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In 1973 the trade union movement was both racially and regionally divided. It virtually excluded African workers, and in many cases unions were led by cautious and paternalistic leaders, long schooled in avoiding confrontation with either the state or employers. Then widespread strikes erupted in Durban where hundreds of thousands of workers downed tools in support of wage demands. It was a militant explosion unprecedented since the apartheid government had crushed and outlawed mass demonstrations against segregation and 'whites-only' rule. And it provided the impetus for the next decade and a half of trade union organisation, which succeeded in uniting workers on a largely non-racial basis, dominated by the slogan 'one industry one union'.
Maverick Insider is an anecdotal, insider's account of the transformation during this period in the textile, clothing and leather worker sectors. It focuses on the outlooks of leadership groups in different parts of that industry and their efforts to influence the nature of the amalgamation of six unions to form the Southern African Clothing and Textile Workers' Union (SACTWU), one of the three largest unions of the Congress of South African Trade Unions (COSATU). It traces the interaction between union leadership and both political parties and community organisations dedicated to making the country ungovernable, as well as those who were determined to stamp out such calls. It details struggles to unite workers across political divides in the same union organisation and to assert an independent working-class point of view in a period of growing African nationalism. It details the traumatic events on the road to the so-called peaceful miracle that created a rainbow nation but left 22 000 South Africans dead in the process.
And it is the story of a team of people who set out to change the world and formed an unshakeable bond in the process.
In this candid autobiography, Amway cofounder Rich DeVos reflects on work, faith, family, and the core values he's held on to, from his humble Christian upbringing through his enormous success running one of the world's largest businesses.
Few people embody the American entrepreneurial spirit as plainly as Rich DeVos. A prominent businessman, self-made billionaire, philanthropist, worldwide speaker, bestselling author, family man, and devout Christian, DeVos not only helped create Amway, one of the world's biggest companies, but he did it from the ground up with his deep faith in God guiding the way and keeping his hopes alive. Now after the success of his bestselling books in business, DeVos reveals his personal story. Born to poor Dutch immigrants in rural Michigan during the Depression, DeVos learned about the importance of leadership and partnership. His grandfather, father, and teachers taught him valuable lessons and key principles about faith, optimism, and perseverance that would guide his entire life. In high school, he befriended Jay Van Andel, who later became his business partner. Together, they created a whole new way to sell products and established one of the largest, most successful companies in the world. DeVos also talks about his marriage and family, his experiences as a motivational speaker, his ownership of the NBA basketball team Orlando Magic, and his philanthropic, religious, and political endeavors.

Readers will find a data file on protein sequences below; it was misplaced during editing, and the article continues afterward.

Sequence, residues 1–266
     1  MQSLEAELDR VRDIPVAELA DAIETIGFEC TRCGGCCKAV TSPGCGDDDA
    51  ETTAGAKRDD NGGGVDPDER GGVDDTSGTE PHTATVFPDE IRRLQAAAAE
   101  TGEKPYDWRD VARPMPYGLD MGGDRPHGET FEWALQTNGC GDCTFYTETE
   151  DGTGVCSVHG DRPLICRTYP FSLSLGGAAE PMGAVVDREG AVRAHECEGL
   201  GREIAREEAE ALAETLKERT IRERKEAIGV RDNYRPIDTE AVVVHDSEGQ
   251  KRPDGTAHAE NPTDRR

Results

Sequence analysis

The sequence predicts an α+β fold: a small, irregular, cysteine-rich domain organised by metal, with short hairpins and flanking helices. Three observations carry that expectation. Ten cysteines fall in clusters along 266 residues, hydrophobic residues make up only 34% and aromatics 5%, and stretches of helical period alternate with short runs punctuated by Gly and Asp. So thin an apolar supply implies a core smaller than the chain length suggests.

Inspiring, fascinating, and full of heart, Simply Rich is the astonishing rags-to-riches story that few can tell. Through his amazing accomplishments as both a businessman and generous soul, DeVos reveals the true meaning of success and how his deep faith helped him become a true American icon.
’n Blik op die binnekring van die Krugersdorp-kultus
“Daar was bloedspatsels oor die koffietafel, die banke en die banke se kussings. Peter en Joan was oortrek van steekwonde in hul rûe, nekke en agterkoppe. Nicholas het sy pa en ma gesigte na onder in ’n bloedbad op die mat in die sitkamer gekry. Hulle het hul hek en huis vir hul moordenaars oopgemaak, want hulle het ’n afspraak met hulle gehad.”
Elf wrede moorde oor ’n tydperk van vier jaar ruk die gemeenskap van Krugersdorp en haal landwyd nuusopskrifte. Eindelik word al hierdie moorde verbind met Cecilia Steyn en haar kultusgroep, Electus per Deus (uitverkies deur God). Lede van die groep aanbid die grond waarop Cecilia loop en sal selfs vir haar moord pleeg.
Die moordenaars is slim, gewone mense – ’n onderwyseres, ’n finansiële makelaar, ’n kind wat tussen die moorde deur steeds ses onderskeidings in matriek behaal en boonop keuring kry om medies te gaan studeer. Hul slagoffers het bloot ’n sake- afspraak nagekom, min wetend dat dít ’n afspraak met die dood was.
Wie is Cecilia Steyn? Hoe kan een mens vyf ander manipuleer om moord te pleeg en namens haar in die hof te lieg? Watter rol het Satanisme gespeel? Hoe ontduik onervare misdadigers die polisie vir so lank?
Jana Marx beantwoord dié en ander vrae in ’n waremisdaad-verhaal wat gelei het tot een van die opspraakwekkendste moordsake in die land se geskiedenis.
Met behulp van onderhoude uit diegene in die binnekring, hofgetuienis en polisiedossiere oor ’n tydperk van vier jaar poog Marx om die publiek se vrae te antwoord en ’n blik te gee op die binnewerkinge van só ’n kultus.
1-Recce was the sharpest, most versatile and deadliest specialist unit in the entire South African army. These men were super fit, unbelievably tough and stopped at nothing. Time and again they put their lives at risk in the execution of highly secret operations behind enemy lines.